We say: “If I am paying X for that, this ought to cost Y.”

Consider another example from your morning beverage. When your coffee or tea is too hot to hold, does is it matter if it’s 190 degrees or 195 degrees? So long as it’s above your tolerance for heat, you simply can’t hold it in your hand. Willingness to pay works in a similar way. If the benefits of an offering don’t surpass our tolerance for a problem, we are simply not willing to pay for it.

Behavioral economists who have researched buyer behavior in-depth report that our perception of fair value is relative and formed in relation to what we already know about other products and experiences that we are familiar with. This relativity might cause several problems for product owners and researchers. For example, the anchors your prospective buyers use to make fair value judgments may or may not be the right reference set for comparing your solution. In some other cases, there might not even be a reference set. While in yet other cases, you might not calculate the economic impact of your offering in relation to an existing outcome, correctly. Your pricing research design must mitigate each of these research errors.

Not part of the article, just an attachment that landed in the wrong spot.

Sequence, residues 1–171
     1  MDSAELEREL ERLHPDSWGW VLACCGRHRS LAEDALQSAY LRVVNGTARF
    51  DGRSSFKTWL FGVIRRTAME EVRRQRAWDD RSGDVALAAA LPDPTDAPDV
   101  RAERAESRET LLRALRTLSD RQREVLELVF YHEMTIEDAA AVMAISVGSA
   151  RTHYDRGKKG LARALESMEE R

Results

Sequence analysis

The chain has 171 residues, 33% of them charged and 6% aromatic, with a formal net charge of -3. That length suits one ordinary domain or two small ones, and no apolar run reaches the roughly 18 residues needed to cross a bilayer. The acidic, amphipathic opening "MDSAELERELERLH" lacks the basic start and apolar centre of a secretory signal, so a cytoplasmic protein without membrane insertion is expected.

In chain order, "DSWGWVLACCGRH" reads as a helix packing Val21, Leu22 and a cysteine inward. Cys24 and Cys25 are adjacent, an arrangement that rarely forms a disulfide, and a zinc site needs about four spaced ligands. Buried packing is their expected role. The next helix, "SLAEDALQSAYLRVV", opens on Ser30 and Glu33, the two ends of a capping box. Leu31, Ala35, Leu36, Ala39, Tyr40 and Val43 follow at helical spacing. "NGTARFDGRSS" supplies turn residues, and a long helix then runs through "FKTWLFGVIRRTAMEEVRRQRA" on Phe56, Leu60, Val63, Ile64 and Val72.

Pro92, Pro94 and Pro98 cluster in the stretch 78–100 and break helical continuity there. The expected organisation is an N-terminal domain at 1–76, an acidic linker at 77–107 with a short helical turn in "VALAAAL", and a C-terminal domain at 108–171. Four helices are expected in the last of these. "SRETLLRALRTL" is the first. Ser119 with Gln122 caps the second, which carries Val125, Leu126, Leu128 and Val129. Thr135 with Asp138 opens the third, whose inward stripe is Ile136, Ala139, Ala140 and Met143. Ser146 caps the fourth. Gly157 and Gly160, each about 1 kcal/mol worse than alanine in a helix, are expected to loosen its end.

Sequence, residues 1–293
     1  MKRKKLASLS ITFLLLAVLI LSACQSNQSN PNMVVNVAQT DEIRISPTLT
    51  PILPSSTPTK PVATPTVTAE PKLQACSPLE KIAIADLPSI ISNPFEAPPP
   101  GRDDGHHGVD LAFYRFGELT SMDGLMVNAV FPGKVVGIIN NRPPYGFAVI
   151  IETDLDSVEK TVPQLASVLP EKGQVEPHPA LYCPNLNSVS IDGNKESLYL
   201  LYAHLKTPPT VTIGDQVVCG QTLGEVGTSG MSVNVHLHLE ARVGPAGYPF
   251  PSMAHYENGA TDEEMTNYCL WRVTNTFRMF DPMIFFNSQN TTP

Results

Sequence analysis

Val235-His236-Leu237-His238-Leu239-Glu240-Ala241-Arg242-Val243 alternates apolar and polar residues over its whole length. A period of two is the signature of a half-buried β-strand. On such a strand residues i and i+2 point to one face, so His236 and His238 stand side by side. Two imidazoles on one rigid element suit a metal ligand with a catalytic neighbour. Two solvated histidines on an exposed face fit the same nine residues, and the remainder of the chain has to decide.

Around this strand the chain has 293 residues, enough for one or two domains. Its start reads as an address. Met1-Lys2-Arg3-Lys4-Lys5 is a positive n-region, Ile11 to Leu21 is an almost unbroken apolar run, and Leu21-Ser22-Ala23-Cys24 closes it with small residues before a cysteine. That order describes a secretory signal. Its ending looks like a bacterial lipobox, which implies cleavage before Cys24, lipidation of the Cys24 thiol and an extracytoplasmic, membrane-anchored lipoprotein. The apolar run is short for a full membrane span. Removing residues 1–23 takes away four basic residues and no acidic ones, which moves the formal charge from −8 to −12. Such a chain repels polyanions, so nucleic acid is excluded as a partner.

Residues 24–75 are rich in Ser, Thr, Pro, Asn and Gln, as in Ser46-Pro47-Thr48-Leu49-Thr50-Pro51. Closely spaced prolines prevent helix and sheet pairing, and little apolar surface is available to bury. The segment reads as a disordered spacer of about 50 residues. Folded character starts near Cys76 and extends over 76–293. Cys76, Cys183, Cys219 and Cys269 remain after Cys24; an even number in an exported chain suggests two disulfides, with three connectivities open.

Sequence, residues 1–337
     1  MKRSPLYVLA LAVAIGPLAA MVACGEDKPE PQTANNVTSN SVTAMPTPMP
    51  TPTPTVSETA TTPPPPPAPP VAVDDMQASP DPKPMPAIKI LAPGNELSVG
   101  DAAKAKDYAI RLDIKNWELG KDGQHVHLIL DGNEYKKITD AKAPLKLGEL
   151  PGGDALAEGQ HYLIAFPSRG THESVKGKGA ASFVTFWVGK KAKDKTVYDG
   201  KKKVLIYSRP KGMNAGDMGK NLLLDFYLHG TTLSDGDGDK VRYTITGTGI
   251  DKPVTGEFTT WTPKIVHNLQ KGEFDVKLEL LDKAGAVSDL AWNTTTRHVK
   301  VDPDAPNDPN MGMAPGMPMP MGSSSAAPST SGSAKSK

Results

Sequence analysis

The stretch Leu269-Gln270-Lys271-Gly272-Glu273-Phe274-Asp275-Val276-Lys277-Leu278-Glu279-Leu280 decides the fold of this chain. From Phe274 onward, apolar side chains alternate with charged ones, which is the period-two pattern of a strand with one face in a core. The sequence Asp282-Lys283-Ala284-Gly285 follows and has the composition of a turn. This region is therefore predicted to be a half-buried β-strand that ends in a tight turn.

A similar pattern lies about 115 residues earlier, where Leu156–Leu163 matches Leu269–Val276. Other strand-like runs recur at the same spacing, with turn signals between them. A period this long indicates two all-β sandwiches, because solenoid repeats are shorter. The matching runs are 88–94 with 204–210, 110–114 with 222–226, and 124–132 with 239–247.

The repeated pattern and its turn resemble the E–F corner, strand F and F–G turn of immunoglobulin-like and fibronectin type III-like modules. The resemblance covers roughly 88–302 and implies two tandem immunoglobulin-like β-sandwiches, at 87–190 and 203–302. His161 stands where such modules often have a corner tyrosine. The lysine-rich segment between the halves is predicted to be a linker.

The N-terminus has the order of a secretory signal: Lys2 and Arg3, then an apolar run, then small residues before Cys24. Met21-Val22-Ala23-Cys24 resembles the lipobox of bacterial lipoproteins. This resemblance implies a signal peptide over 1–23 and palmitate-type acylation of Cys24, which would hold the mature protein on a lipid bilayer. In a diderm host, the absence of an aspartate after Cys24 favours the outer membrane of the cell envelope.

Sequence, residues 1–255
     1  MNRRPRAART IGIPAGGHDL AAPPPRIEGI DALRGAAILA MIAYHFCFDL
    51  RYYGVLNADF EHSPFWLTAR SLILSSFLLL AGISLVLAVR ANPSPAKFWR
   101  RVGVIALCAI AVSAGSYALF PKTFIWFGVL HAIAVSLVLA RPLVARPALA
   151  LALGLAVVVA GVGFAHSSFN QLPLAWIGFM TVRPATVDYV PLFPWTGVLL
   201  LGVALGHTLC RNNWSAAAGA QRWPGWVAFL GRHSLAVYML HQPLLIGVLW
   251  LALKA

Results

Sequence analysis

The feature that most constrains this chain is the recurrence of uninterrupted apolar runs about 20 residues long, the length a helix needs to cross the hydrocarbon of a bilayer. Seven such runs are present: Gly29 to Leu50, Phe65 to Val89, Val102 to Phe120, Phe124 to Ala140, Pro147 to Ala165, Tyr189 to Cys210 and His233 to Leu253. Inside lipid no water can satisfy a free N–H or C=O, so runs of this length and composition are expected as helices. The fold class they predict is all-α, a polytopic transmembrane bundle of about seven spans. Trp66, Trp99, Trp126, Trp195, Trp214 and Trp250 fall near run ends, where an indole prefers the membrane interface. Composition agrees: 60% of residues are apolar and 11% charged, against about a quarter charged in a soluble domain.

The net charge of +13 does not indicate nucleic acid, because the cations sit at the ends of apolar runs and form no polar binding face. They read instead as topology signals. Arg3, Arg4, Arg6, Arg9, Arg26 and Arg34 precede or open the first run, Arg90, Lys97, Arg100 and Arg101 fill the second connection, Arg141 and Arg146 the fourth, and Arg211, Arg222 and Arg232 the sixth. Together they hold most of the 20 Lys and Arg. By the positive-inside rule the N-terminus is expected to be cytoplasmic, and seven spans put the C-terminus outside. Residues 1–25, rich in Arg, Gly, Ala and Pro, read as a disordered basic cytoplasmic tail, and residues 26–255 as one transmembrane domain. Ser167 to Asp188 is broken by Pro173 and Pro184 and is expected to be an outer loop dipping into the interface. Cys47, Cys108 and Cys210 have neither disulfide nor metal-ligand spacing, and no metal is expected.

Identifying the right reference set

Identifying the right reference set is especially problematic for new products or new-to-the-world technologies because people simply don’t have sufficiently reliable experiences from which to draw their value judgments. Therefore, the pricing researcher must guide the respondent to identify the right reference outcomes but do so in an objective manner and without biases - confirmation bias, projection bias, recency bias are three of many that might come into play. Here are some example frames:

  • Can you walk me through the last time you accomplished [the desired outcome]?

  • How do you achieve [the same desirable outcome] today?

  • What [process/tools/skills/knowledge/assets] do you use to achieve [the outcome]?